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AUSTIN, Texas — The Justice Department sued Texas on Thursday over the state’s voter-ID law and will seek to intervene in a lawsuit over its redistricting laws that minority groups complain are discriminatory but that Texas Republicans insist are designed to protect the state’s elections from fraud.

Attorney General Eric Holder said the action marks another step in the effort to protect voting rights of all eligible Americans. He said the government will not allow a recent Supreme Court decision to be interpreted as open season for states to pursue measures that suppress voting rights.

Holder is concentrating on Texas because of years of litigation over the state’s voter-ID law and redistricting maps that federal judges have determined would either indirectly disenfranchise minorities and the poor, or intentionally discriminate against minorities.

Texas is the only state found to have intentionally discriminated against minorities in this decade’s round of redistricting, and the state was banned from enforcing either law. But the U.S. Supreme Court decision requiring revisions to the Voting Rights Act of 1965 took away the judges’ authority to intervene.

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That has forced Holder and minority groups to use other aspects of the Voting Rights Act or the Constitution to fight the cases in other federal courts.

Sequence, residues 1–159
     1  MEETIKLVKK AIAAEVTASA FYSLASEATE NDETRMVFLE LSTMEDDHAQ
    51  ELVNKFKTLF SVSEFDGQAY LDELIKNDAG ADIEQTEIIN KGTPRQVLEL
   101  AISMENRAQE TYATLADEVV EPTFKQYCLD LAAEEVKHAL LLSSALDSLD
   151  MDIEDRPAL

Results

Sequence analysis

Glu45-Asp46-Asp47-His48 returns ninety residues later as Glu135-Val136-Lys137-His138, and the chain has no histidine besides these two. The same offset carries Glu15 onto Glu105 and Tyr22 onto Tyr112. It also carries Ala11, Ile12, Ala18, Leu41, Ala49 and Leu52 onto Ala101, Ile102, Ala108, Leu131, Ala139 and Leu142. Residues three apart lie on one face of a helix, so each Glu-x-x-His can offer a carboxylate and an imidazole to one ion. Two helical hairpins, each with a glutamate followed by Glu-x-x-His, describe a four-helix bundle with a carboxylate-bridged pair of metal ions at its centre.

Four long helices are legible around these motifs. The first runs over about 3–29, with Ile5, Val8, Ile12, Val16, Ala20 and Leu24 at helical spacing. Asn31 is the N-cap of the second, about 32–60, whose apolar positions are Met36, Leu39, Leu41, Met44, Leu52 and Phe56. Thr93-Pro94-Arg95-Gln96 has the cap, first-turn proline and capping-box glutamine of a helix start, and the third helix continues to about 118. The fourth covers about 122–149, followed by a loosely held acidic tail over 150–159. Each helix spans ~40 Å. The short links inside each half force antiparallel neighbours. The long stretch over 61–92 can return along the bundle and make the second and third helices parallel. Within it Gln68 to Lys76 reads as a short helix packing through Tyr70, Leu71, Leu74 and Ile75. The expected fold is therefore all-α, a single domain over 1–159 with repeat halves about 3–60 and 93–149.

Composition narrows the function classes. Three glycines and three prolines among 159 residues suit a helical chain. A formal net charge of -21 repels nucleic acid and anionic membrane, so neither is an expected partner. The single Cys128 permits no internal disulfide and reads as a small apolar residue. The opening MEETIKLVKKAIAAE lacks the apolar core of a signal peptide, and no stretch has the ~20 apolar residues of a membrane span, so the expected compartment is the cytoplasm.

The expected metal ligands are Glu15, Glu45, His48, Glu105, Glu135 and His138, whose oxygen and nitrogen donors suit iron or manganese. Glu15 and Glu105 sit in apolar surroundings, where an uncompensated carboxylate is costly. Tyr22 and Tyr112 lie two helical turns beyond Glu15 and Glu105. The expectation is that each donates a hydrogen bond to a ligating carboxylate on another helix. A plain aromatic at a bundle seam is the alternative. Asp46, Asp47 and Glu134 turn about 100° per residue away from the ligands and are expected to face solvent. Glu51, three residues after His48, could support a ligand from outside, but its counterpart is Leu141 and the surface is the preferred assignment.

Gov. Rick Perry called Holder’s move a blatant disregard for states’ 10th Amendment rights and has said the Obama administration’s actions are an “end-run around the Supreme Court.”

State Attorney General Greg Abbott, a proponent of the voter-ID law and a candidate to replace Perry, vowed to fight the Justice Department. “Eric Holder is wrong to mess with Texas,” he said.

In the voter-ID lawsuit, the U.S. government will contend that Texas adopted a voter-identification law with the purpose of denying or restricting voters’ rights based on race, color or membership in a language-minority group.

The law requires voters to produce a state-issued photo ID before casting a ballot, while before voters could use their registration cards. Student ID cards don’t count, but concealed-handgun licenses do. Those lacking the requisite identification can receive provisional ballots, though critics say the net result would be diminished minority-voter turnout.

Intervening in the redistricting case would enable the federal government to seek a declaration that Texas’ 2011 redistricting plans for the U.S. Congress and the Texas State House of Representatives were adopted to deny or restrict the right to vote on account of race, color or membership in a language minority group.

Since a federal court found that Texas intentionally discriminated against minorities with its 2011 redistricting plans and voter-identification law, state lawmakers have withdrawn their original maps and replaced them with a plan adopted by a federal court as a stopgap measure. But Abbott has said the voter-ID law is in effect.

Material from McClatchy Newspapers is included in this report.

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